It is already known that genetic variations of bitter taste receptor genes can help account for how people differ with regard to taste perception and food choice.
However, the team from the Monell Chemical Senses Center, USA, noted that one baffling piece of the puzzle remained: that two people with exactly the same genetic makeup can still differ markedly regarding how bitter certain foods and liquids taste to them.
Led by senior author Dr Danielle Reed, the Monell team therefore examined differences in the expression of messenger RNA (mRNA) RNA – the gene's instruction guide that tells a taste cell to build a specific receptor – in people with the same genetic variations, but who had different perceptions of bitter taste.
Writing in theAmerican Journal of Clinical Nutrition, the researchers reveal that a person's sensitivity to bitter taste is shaped not only by which taste genes that person has, but also by how much messenger their cells make.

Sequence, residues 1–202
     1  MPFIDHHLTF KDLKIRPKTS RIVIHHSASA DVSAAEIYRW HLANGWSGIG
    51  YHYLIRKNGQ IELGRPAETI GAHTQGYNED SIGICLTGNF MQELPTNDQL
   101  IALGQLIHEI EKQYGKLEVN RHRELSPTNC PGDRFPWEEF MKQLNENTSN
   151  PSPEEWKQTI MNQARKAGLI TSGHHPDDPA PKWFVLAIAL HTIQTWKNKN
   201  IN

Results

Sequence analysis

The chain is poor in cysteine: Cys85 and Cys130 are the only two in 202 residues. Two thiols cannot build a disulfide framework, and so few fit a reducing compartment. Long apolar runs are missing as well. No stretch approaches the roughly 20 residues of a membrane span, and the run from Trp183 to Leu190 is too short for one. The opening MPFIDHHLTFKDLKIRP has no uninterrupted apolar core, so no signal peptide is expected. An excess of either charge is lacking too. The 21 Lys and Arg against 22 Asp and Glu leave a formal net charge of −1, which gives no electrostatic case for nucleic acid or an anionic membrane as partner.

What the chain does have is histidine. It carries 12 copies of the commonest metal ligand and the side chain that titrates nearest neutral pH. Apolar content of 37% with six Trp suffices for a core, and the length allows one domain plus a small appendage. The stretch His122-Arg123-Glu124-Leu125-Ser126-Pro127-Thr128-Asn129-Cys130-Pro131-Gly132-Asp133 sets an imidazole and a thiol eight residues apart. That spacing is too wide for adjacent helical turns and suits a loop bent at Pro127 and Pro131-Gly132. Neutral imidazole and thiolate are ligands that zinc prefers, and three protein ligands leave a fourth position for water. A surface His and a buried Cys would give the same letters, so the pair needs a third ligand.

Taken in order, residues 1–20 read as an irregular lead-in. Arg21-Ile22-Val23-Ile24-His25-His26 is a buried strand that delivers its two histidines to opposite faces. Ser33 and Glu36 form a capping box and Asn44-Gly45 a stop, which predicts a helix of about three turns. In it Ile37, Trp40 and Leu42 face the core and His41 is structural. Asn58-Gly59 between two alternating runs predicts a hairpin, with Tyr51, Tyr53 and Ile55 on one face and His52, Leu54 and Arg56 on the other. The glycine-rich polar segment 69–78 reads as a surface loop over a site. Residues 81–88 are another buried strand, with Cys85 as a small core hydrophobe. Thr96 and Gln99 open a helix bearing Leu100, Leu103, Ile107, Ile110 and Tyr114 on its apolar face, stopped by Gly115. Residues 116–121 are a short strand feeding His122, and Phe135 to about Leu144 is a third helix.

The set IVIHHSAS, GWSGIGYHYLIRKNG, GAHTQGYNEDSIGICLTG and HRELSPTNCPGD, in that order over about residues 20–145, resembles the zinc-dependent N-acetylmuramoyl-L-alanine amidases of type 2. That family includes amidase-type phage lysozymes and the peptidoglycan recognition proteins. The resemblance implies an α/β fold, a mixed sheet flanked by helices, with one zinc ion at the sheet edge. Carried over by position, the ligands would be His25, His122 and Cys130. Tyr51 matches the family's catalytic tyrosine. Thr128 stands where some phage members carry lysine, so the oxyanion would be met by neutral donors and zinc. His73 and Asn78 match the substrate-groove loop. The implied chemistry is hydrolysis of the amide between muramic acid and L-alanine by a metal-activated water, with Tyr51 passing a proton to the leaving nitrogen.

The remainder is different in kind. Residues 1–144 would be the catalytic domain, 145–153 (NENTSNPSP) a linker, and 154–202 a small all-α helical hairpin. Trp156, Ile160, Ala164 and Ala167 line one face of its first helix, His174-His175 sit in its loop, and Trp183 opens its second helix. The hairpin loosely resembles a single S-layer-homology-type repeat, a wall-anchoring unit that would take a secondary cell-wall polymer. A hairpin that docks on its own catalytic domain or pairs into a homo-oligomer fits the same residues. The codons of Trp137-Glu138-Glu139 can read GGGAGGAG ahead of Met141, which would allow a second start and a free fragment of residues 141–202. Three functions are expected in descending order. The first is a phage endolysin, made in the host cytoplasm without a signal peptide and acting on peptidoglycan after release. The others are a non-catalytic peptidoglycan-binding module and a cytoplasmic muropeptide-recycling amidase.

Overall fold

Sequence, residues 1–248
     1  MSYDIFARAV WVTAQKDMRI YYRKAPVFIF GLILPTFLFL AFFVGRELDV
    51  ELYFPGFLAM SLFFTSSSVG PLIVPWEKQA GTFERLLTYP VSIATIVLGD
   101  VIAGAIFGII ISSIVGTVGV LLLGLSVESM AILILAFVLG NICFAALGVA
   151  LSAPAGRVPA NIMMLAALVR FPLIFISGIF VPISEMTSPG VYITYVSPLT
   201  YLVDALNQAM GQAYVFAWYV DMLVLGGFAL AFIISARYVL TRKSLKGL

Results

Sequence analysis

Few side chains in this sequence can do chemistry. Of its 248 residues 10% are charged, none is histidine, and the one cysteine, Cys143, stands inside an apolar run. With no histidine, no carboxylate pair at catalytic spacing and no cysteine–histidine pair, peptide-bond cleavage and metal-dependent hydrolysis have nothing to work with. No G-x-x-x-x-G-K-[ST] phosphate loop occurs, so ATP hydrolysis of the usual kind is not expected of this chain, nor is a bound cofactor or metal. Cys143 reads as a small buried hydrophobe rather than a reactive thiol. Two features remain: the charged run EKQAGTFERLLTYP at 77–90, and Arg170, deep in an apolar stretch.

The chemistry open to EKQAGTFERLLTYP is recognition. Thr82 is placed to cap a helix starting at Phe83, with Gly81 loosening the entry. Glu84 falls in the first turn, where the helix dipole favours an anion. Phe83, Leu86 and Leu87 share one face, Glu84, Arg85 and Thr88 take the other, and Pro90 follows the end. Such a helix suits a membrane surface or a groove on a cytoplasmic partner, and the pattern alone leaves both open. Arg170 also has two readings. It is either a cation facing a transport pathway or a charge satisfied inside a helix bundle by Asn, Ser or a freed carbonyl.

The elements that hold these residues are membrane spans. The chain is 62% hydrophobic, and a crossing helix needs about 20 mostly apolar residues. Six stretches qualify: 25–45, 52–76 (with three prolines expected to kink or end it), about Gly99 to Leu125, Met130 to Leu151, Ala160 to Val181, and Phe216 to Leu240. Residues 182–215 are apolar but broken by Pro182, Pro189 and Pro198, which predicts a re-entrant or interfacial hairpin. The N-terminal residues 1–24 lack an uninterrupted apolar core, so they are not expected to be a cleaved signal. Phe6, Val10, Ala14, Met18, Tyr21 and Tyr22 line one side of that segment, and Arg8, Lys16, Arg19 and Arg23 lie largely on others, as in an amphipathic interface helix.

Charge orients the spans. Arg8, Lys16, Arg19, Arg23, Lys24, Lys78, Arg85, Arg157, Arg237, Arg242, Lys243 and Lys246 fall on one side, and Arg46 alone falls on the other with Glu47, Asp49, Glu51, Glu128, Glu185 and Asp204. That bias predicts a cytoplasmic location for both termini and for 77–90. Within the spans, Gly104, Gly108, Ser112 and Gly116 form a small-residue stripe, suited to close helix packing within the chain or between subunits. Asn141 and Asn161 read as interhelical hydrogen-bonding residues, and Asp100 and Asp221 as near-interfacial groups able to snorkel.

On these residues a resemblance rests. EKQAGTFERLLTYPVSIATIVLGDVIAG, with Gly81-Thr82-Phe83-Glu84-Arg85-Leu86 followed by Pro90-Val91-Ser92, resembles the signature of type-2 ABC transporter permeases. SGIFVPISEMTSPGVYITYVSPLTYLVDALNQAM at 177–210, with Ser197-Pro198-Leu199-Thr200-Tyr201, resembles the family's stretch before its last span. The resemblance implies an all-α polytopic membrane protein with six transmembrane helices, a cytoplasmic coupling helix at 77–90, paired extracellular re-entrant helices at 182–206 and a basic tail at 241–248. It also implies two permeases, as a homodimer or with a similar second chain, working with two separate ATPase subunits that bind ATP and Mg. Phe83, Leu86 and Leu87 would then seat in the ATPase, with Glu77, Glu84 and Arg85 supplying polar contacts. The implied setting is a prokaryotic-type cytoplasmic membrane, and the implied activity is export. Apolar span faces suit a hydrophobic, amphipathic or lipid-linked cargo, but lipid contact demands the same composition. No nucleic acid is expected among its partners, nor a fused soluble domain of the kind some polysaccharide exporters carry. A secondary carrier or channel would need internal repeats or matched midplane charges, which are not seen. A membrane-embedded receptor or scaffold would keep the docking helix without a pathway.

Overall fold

"The amount of messenger RNA that taste cells choose to make may be the missing link in explaining why some people with 'moderate-taster' genes still are extremely sensitive to bitterness in foods and drinks," said Reed.
The Monell team suggested that their findings add a new level of complexity to our understanding of the cellular mechanisms of taste perception, adding that such information could ultimately lend insight into individual differences in food preferences and dietary choices.